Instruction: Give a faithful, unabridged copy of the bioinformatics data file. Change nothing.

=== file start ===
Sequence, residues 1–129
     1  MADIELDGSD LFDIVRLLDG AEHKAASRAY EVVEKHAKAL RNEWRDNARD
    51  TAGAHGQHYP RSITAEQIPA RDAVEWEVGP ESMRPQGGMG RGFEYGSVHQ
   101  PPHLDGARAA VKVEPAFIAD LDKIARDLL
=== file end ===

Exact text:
Sequence, residues 1–129
     1  MADIELDGSD LFDIVRLLDG AEHKAASRAY EVVEKHAKAL RNEWRDNARD
    51  TAGAHGQHYP RSITAEQIPA RDAVEWEVGP ESMRPQGGMG RGFEYGSVHQ
   101  PPHLDGARAA VKVEPAFIAD LDKIARDLL